Given the limited available data, the question of whether the level of implementation will result in achieving the first milestone goals cannot be answered. BMP implementation data alone provide a general sense of whether the jurisdiction is making progress, but associated model runs are needed to evaluate how implementation shortfalls in some areas or greater than expected progress in others affect the overall anticipated nutrient reduction. Simply surveying the percentages of proposed practices actually implemented (as is reported in Appendix D) has only limited value, because the individual practice implementation targets identified vary in size and nutrient removal efficiency. Additionally, the effect of individual BMPs on the overall load removal to the Bay varies with practice location in the watershed and proximity to surface waters. For example, West Virginia reported that during July 2009 through June 2010, it achieved 4 percent of its wetland restoration goal (0.2 out of 5 acres drained) but 138 percent of its cover crops acreage goal (2,071 acres out of 1,500 acres). However, it would be a mistake to conclude that West Virginia has therefore accomplished 71 percent of its nutrient reduction goal. Achieving a modest percentage of a large and efficient nutrient control project may achieve greater progress than achieving 100 percent of a very modest project. Thus, any evaluation of the implementation data provided must, by necessity, only be qualitative and not quantitative.
The committee’s qualitative analysis of the pace of practice implementation was, in most cases, limited to progress in a single year out of a (assumed) three-year milestone period. All jurisdictions that responded outlined numerous efforts to control urban and agricultural nutrient and sediment loads. However, they reported mixed progress on their original milestone implementation goals, with greater successes in implementation of some practices than others over the reporting period (see also Appendix D):
• Virginia reported substantial progress in the implementation of some practices over a 12-month period (or 33 percent of the milestone period), such as continuous no-till (118 percent of the goal) and cover crops (78 percent of the goal). Progress lagged in other areas (e.g., forest buffers [12 percent of the goal], agricultural stream restoration [0 percent of the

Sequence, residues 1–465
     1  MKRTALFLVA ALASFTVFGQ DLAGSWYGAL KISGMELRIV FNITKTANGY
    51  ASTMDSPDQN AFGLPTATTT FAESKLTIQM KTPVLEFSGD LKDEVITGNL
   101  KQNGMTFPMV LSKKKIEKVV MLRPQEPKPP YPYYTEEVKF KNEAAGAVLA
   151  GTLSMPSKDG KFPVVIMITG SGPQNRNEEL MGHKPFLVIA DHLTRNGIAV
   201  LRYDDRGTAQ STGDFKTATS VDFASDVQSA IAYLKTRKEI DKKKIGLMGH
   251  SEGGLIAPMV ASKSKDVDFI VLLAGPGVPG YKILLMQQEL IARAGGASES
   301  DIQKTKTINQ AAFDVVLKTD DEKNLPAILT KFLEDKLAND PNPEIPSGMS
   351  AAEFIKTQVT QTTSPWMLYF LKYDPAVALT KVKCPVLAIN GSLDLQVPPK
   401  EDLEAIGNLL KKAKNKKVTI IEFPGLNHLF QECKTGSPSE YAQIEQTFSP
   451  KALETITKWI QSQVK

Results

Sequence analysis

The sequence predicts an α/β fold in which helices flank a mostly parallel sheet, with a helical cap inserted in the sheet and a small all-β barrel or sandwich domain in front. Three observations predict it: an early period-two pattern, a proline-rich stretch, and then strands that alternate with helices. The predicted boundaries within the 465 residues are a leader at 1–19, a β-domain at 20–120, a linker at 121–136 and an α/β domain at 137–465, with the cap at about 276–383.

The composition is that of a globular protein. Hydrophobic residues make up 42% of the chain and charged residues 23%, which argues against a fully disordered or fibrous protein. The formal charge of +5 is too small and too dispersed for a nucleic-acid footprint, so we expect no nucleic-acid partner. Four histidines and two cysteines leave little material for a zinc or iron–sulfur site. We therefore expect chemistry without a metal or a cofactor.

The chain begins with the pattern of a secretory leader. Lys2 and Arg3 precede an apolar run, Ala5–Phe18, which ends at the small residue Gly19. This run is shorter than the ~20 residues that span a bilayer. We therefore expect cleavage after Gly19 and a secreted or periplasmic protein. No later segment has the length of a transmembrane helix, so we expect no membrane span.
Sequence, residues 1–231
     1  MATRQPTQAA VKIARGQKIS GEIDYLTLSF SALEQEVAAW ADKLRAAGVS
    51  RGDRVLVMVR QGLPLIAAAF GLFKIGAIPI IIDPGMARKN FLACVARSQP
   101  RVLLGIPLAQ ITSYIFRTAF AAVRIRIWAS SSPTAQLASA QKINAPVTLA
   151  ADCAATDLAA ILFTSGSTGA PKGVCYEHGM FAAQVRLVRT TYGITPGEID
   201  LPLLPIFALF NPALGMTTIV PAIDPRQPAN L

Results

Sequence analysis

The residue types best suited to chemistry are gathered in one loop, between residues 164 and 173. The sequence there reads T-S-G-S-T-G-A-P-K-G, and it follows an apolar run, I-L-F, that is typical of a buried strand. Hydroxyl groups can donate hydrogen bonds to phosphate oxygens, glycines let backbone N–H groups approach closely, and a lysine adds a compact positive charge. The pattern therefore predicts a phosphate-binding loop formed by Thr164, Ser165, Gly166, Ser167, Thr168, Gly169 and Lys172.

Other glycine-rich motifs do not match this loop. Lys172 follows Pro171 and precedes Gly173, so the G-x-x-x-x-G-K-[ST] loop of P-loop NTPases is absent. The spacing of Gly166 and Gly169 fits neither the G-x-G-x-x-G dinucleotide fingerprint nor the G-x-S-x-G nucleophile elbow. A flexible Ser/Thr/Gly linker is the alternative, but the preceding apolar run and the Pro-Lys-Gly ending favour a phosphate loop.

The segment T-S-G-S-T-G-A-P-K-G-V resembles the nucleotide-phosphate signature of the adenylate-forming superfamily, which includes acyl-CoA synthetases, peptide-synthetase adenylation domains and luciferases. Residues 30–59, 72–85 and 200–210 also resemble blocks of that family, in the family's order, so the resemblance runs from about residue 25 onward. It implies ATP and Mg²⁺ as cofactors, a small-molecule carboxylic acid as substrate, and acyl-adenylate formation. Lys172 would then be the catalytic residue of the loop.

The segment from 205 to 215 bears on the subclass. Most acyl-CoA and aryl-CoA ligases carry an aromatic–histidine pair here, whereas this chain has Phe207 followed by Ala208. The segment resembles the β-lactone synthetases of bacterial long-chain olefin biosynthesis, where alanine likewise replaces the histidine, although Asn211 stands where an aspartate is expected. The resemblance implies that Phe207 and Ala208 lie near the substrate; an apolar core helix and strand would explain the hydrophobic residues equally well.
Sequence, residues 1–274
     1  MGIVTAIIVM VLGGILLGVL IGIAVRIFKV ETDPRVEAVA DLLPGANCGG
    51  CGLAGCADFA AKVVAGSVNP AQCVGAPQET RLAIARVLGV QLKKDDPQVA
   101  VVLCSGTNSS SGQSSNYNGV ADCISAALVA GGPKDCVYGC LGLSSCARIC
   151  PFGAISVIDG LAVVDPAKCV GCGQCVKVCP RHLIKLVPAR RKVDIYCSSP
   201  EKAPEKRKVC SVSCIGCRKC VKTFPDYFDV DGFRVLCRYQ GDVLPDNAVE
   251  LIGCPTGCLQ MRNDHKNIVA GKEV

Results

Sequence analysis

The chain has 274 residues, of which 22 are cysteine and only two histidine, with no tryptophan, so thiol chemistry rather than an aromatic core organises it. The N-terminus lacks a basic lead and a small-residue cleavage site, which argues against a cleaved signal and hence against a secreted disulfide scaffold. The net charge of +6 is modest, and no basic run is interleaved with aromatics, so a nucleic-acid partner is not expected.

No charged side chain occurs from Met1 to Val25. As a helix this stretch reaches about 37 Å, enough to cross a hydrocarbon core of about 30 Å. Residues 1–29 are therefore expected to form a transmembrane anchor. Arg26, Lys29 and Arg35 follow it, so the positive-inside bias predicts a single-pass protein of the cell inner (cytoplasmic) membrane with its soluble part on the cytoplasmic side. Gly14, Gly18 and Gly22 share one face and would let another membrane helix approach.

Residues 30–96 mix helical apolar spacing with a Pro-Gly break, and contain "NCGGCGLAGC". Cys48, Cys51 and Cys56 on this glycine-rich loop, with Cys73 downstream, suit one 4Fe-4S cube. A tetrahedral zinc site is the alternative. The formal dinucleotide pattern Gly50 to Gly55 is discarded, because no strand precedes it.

goal], stormwater management BMPs [12 percent of the goal]). To meet its milestone load reduction goals, Virginia will need to implement significantly more practices than it originally proposed to address a 990,000-pound nitrogen shortfall in its milestone implementation commitments that was identified by the CBP (CBP, 2009a).
• Maryland reported substantial progress in some areas (e.g., cover crops [152 percent of goal], stream protection with fencing [94 percent of the goal]) over a 21-month period (or 58 percent of the milestone period), and limited progress in others (e.g., precision agriculture [0 percent of the goal], septic hookups [5 percent of the goal]; see Appendix D).
• West Virginia reported that over a 12-month period (or 33 percent of the milestone period), it exceeded its first milestone goals for cover crops (138 percent of the goal), animal waste management systems (209 percent of the goal), and forest buffers (365 percent of goal), but it is lagging behind the expected pace of progress in a few areas, mostly for BMPs with small implementation goals (e.g., grass buffers, urban filtering systems).
• Although the District of Columbia is making progress on implementing urban BMPs, the bulk of its load reductions are anticipated to come with upgraded nutrient removal technology at the Blue Plains wastewater treatment plant, which will not be completed until 2015. Therefore, the District does not expect to reach the first milestone for nitrogen in 2011, although it had already reached its milestone for phosphorus prior to 2009.